Know when to cease acting

How can you ensure that you are adhering to the code of conduct when ceasing acting for a client before their matter concludes?

Court 2CILEx Regulation’s rules require us to publish all adverse findings and orders against those we regulate. As such, many of our regulatory articles feature details of proven misconduct and sanctions issued to CILEX members for wrongdoing.

Publication itself is not a sanction. It is, however, a necessary part of regulation and the principle of open justice. Amongst other things, it is a way of maintaining transparency about the action we take and public confidence in our regulation. It also helps protect the public and promote high standards across the profession by raising awareness of what we expect of our regulated community. This helps others avoid similar conduct and assists the public in identifying the types of concerns they can (and should) report to us.

The majority of reports we receive, however, do not result in an adverse finding and there are many cases where CILEX members have been able to demonstrate good practice, even when faced with difficulties such as work pressures and challenging client behaviours. Celebrating these outcomes is just as vital in helping our regulated community understand the positive steps they can take to maintain standards before any breaches arise.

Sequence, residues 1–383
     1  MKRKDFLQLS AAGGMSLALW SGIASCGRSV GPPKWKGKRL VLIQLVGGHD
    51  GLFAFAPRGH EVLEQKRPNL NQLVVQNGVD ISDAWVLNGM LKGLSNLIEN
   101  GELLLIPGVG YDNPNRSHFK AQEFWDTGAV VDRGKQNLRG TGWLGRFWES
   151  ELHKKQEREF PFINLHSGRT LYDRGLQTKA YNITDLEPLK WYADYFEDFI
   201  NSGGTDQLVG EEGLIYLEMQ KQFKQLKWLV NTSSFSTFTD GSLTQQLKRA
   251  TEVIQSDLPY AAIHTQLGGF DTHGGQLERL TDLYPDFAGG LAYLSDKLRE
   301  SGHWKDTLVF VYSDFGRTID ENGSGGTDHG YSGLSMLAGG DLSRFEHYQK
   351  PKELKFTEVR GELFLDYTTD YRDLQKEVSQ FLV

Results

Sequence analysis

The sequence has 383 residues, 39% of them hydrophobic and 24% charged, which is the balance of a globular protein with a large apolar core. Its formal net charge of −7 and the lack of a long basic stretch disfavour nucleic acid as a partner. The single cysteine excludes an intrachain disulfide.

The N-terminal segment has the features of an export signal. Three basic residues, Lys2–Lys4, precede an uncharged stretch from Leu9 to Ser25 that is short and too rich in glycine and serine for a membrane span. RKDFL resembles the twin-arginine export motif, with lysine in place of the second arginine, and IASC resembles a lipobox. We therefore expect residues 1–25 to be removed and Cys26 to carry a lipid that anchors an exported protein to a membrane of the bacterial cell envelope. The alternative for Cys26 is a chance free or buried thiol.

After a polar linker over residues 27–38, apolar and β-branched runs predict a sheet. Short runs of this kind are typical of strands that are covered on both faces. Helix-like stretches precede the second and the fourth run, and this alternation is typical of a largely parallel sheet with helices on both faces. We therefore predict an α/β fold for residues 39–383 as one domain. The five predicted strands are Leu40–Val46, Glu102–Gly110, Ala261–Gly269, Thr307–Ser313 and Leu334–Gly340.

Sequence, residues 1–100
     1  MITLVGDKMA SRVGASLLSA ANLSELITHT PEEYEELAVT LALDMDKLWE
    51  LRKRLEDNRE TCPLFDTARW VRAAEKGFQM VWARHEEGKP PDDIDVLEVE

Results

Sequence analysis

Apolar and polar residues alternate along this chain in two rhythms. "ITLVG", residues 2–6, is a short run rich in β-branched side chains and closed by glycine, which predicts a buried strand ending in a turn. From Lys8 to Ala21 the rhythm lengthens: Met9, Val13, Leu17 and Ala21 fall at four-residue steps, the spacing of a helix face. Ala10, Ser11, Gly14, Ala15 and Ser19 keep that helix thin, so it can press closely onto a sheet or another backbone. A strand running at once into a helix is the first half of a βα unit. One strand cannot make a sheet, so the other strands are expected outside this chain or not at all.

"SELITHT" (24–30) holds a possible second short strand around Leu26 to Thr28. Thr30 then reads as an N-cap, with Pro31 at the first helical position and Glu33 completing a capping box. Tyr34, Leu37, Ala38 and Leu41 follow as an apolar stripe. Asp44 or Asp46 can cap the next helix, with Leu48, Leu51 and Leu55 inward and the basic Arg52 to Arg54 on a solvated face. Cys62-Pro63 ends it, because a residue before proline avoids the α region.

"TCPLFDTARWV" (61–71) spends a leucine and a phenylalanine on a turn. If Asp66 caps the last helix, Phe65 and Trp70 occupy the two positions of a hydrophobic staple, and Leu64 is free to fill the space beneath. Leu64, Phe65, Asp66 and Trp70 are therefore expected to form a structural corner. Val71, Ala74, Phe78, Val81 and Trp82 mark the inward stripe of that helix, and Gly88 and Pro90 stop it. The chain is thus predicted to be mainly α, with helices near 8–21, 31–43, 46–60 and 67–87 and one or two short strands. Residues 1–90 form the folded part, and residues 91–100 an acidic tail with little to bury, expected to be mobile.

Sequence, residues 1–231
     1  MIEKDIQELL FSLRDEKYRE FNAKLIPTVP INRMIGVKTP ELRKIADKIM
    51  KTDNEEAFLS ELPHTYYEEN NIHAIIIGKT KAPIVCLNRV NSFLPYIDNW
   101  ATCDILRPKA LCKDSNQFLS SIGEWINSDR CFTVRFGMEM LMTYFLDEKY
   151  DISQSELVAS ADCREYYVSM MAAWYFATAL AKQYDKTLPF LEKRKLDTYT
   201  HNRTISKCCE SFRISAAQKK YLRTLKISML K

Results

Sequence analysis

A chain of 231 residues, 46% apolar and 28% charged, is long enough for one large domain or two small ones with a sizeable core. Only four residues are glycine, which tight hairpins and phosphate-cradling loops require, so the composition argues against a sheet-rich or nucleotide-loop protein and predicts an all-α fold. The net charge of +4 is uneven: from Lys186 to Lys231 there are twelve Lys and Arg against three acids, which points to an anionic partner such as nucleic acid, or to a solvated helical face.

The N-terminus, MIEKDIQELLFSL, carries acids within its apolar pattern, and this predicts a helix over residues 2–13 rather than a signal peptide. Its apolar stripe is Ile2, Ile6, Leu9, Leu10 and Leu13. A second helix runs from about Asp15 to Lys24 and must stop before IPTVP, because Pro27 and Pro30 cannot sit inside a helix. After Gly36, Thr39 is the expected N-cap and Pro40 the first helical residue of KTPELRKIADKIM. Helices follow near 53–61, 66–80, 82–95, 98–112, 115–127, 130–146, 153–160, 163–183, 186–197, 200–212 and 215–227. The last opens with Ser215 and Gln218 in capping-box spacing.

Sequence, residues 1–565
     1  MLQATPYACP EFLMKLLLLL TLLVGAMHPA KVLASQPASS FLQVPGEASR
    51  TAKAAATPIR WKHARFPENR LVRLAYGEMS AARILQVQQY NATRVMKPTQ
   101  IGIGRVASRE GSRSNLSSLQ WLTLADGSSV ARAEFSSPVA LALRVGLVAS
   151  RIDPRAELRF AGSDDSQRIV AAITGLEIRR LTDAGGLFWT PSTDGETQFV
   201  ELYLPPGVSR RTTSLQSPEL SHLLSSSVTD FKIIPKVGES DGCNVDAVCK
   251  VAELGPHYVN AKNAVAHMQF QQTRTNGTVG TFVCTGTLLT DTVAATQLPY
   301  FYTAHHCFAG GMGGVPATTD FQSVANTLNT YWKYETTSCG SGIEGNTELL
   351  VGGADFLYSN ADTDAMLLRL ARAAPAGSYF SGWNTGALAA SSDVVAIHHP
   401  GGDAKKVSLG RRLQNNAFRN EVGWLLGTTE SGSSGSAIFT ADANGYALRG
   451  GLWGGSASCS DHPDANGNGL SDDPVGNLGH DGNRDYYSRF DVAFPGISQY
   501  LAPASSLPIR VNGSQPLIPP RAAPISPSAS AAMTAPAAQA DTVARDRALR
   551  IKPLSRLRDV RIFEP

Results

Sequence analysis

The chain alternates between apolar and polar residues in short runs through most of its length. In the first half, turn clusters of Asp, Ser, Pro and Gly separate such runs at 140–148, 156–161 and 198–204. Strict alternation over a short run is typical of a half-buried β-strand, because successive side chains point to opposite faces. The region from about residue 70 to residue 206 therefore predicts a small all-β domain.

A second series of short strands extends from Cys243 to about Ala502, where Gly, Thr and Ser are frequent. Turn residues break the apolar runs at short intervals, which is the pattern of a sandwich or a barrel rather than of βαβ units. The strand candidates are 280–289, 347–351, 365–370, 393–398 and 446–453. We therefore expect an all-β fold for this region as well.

Knowing how and when to cease acting

In one recent example, we received an allegation that a CILEX member had ceased acting for a client abruptly and left them without legal representation. This was a potential breach of principles 5 and 6 of the CILEx Code of Conduct, which require those we regulate to:

  • Act in the best interests of their clients; and
  • Treat everyone fairly and ensure their business, process and practices assist clients to access justice and the full range of legal services.

Generally, members should not cease acting for clients before the conclusion of a matter in which they have been instructed, unless there is good reason to do so and they have given the client(s) reasonable notice.

What is ‘good’ and ‘reasonable’ will depend on the circumstances of each case. We would expect this to be covered in the terms of engagement or a separate policy, ideally given to the client at the outset. Any agreed terms setting out the circumstances for termination should be complied with as far as possible.

In the case above, the CILEX member had agreed to assist the client in relation to a claim but ceased acting prematurely, due to the client’s unreasonable and abusive behaviour. This extended to contacting the member at their home address, making excessive, repetitive and impractical demands, and name-calling. This was a good enough reason for the member to cease acting in the circumstances of the case.

Good reasons

Other good reasons to cease acting may include situations where:

 A client loses capacity and there is no one with authority to give instructions on their behalf;

  • There has been a serious breakdown in trust and confidence between the member and client; or